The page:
A GIF series showing farmer Alice Armistead checking a young tree, Alice walking alongside and talking to a Greening Australia team member, and landscape shots of Alice’s property where trees have been planted.
The planting of more than 12,000 trees on Alice Armistead’s Victorian Volcanic Plains property has dramatically improved the natural habitat for local wildlife.

Restoring the Balance

When Candice Anderson moved to a 24-hectare property near Cooma, in the NSW Monaro region, she was looking for a tree change. Her land is home to rare grassy woodland but Candice soon discovered the landscape, like many areas in the region, was degraded and endemic species were disappearing.

In 2019, under the guidance of a Greening Australia ecologist and with the help of team members from Officeworks, 300 new trees – ribbon gums, broad-leaved peppermint and silver wattle among them – were added to Candice’s plot. Despite ongoing drought conditions, most of the trees are thriving and the landscape is regenerating. “Biodiverse landscapes are resilient landscapes,” says Candice, who tends to the property almost every day. “If you have a lot of plants and animals on your land, it’s a healthy landscape.”

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Farmers Face the Future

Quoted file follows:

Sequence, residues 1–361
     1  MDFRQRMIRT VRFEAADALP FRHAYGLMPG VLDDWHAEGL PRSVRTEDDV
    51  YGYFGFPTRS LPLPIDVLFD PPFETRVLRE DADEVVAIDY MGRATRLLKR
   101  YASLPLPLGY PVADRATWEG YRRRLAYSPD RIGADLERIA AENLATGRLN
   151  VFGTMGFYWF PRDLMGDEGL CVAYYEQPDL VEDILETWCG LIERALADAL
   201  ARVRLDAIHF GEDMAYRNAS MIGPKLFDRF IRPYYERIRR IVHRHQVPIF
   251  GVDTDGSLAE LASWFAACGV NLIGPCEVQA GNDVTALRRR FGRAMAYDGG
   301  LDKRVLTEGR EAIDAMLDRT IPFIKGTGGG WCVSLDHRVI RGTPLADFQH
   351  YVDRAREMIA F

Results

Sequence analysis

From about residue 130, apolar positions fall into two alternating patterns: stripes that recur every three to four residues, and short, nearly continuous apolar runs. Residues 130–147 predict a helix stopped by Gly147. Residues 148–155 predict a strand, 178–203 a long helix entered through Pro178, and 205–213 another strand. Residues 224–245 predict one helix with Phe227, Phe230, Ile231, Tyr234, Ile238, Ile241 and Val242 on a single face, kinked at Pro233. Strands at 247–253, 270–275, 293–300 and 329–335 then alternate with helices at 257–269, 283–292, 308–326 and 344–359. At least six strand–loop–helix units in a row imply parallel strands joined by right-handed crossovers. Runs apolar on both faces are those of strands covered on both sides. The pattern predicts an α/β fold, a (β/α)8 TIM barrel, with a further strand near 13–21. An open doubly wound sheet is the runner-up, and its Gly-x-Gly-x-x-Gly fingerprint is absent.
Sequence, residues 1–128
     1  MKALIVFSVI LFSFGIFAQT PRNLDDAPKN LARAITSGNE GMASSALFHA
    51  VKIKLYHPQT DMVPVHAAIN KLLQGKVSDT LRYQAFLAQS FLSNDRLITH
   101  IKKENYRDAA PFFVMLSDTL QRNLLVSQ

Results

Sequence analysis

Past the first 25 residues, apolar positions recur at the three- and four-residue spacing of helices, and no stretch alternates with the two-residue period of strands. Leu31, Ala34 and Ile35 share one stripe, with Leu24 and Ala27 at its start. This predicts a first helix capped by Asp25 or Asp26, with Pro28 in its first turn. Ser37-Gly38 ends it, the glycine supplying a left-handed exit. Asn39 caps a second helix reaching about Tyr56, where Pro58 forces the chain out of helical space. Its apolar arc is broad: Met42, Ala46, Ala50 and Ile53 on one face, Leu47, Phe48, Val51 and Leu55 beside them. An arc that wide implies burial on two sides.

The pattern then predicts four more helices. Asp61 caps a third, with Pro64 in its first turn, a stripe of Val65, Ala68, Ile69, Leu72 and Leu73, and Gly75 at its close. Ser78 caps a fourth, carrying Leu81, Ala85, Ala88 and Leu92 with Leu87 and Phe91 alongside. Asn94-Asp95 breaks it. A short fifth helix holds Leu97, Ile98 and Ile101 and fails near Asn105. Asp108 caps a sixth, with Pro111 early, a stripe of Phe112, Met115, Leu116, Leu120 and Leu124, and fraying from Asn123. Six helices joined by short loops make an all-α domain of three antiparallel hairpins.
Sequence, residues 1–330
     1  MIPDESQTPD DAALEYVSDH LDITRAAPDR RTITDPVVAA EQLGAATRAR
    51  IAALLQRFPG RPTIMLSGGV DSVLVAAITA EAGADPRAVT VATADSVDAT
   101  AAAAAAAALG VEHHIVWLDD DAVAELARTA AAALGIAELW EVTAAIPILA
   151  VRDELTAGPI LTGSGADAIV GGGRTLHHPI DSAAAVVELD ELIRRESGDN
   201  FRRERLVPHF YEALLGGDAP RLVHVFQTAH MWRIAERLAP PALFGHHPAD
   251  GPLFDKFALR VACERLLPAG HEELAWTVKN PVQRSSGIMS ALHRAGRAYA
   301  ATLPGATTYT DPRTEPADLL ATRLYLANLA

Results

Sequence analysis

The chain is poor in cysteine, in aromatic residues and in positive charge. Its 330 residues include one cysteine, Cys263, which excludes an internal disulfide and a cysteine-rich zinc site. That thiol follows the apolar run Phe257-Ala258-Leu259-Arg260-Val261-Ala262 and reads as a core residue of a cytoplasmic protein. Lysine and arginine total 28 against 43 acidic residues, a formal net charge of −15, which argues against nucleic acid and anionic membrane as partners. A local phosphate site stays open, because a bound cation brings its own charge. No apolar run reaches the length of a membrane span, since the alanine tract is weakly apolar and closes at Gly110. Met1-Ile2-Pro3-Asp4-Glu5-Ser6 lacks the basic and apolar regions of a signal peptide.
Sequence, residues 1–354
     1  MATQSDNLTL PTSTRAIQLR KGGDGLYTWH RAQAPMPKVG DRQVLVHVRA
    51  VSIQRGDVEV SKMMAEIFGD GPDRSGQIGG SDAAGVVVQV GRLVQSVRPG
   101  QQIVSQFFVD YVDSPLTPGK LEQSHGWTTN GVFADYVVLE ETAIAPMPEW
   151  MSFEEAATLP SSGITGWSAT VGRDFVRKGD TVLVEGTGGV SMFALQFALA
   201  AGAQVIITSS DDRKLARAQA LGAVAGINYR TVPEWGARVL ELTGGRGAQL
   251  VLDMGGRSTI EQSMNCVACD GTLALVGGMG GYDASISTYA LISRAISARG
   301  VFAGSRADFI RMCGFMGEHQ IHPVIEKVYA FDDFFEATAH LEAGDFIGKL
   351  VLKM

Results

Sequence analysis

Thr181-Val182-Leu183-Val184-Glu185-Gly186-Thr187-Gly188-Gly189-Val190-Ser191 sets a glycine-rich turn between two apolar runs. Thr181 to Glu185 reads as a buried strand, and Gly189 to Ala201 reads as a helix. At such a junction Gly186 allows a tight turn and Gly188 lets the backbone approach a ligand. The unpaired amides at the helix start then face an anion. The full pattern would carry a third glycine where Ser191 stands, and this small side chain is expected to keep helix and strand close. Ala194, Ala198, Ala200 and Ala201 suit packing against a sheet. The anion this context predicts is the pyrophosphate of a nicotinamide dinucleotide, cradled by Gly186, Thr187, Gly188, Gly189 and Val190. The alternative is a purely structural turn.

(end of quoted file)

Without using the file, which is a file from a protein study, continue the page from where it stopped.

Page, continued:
Not far from Candice’s property, the McGufficke family has been breeding merino sheep for 90 years. With parts of their land suffering from a mysterious dieback of the native ribbon gum trees, affecting the fragile ecosystem, daughters Ivy and Miranda decided to take action. They knew that if the farm was to be productive for a fifth generation of their family, they needed to do something. 

A group of adults, some wearing blue Officeworks jackets, crouched around a new tree planting in an effort to improve the natural environment.
Tree planting on the McGufficke family property near Cooma is helping improve the natural environment.

“I don’t think we can remember the trees having leaves on them and we’ve been here our entire lives,” says Miranda. About 17 years ago, the family fenced off a particularly damaged section of land and, in 2019, began replanting it with the help of the Restoring Australia initiative. “It’s amazing seeing the regeneration of the new plants,” she says. “They’ve come from nothing. There’s birdlife we’ve never seen before, endangered species and lots of animals coming through.”